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Edition #213  January 1, 2014

Triumph Out of Disaster

Photographer: Tom Gildersleeve

                                                                      Photo by Tom Gildersleeve

Triumph Out of Disaster

Light helper set No. E34 drops downhill on the viaduct at Penfield, Montana on November 11, 1964.  There has been a fresh snowfall and the sun has only recently broken out, creating rare ideal conditions for photography that probably did not last very long.  This is a photograph that very nearly never got taken.

In the early days of my 35mm photography I was plagued with unreliable cameras.  Finally, in 1963 I bit the bullet and decided to go in the direction of Leica.  At that time they were the only 35mm cameras that had a lengthy track record for both durability and total reliability.  I acquired two Leica M-3s in December of 1963, together with a pair of Summicron f:2 lenses, one 90mm and the other 50mm.  My normal procedure for use of these cameras involved mounting both of them on a dummy flash tube that would allow me to rapidly shift between the two focal lengths as needed.

Less than a year later the durability of these cameras was really put to the test when I made this long distance trip from my home in southern California to Washington and Montana, primarily to photograph the Milwaukee electrification, and my friend Chuck Heimerdinger joined me for the trip.  Early in the trip we photographed operations on the Yakima Valley Transportation Company in the vicinity of Yakima, Washington, and at one particular location Chuck went sailing out of the car to get a shot of the line car returning to the barn.  Unfortunately Chuck was not all that went sailing out of the car.  The car had bench seats and my Leicas were sitting on the seat between us.  His camera strap snagged my flash tube and the two Leicas went out the door after him.  I let out a yell, but it was too late.  Both cameras ended up bouncing off an asphalt parking lot with sufficient force that one of the lens caps ended up dented, and one of the cameras hit with sufficient impact force to fire the shutter without pushing the button.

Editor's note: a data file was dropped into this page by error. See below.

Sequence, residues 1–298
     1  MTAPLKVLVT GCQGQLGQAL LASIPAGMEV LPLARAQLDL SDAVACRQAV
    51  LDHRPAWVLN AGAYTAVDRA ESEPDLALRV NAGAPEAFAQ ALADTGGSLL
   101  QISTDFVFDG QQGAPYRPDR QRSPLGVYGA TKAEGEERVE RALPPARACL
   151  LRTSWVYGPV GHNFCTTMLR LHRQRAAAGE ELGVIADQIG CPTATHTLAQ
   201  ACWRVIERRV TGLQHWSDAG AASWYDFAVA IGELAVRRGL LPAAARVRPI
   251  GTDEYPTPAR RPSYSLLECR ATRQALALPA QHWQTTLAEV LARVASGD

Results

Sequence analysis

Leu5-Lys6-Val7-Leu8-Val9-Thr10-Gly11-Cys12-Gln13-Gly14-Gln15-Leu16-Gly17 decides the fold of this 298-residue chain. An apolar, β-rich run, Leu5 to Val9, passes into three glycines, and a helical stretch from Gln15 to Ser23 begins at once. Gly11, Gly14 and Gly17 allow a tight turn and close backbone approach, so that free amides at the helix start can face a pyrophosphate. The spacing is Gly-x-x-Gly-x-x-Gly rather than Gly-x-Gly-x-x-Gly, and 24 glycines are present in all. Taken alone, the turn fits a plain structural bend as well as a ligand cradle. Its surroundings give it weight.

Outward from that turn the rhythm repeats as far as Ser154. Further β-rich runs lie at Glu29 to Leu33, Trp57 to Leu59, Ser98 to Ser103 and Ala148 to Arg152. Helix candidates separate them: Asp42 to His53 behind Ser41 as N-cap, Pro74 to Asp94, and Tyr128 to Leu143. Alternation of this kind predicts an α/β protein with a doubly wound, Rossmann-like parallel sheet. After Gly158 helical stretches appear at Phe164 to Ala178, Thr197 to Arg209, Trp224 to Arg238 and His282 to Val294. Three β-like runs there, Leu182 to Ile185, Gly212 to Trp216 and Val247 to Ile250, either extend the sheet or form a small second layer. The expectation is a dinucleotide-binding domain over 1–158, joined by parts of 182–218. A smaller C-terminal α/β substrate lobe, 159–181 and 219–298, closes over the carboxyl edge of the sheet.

This was early in the trip, and I was a thousand miles from home with no hope of any camera repairs until I got back.  I had dire thoughts that it was over for me on this trip, but nonetheless I carefully evaluated each camera.  The rangefinders were completely out of whack, but the lenses looked okay and the camera shutters appeared to be working normally as did the film advance.  Based on those observations I concluded that the cameras were probably still functional, albeit without rangefinders.  Since the lenses had very accurate focusing scales, I could work the cameras without the use of the rangefinders, and I made a decision to continue the trip and gamble that the shutters were still making accurate exposures.

The photograph on this page as well as most of my other Milwaukee electric shots were taken after this happened.  I still believe that, had it been anything but Leicas that bounced off that asphalt, this picture would never have been taken.  As it was, when I got home I went into a repair shop and had the cameras evaluated.  The result was readjustment of the two rangefinders and nothing else!  The price was $7.50 per camera!  No camera I have ever owned before or since had that kind of ruggedness.

Tom Gildersleeve   

 

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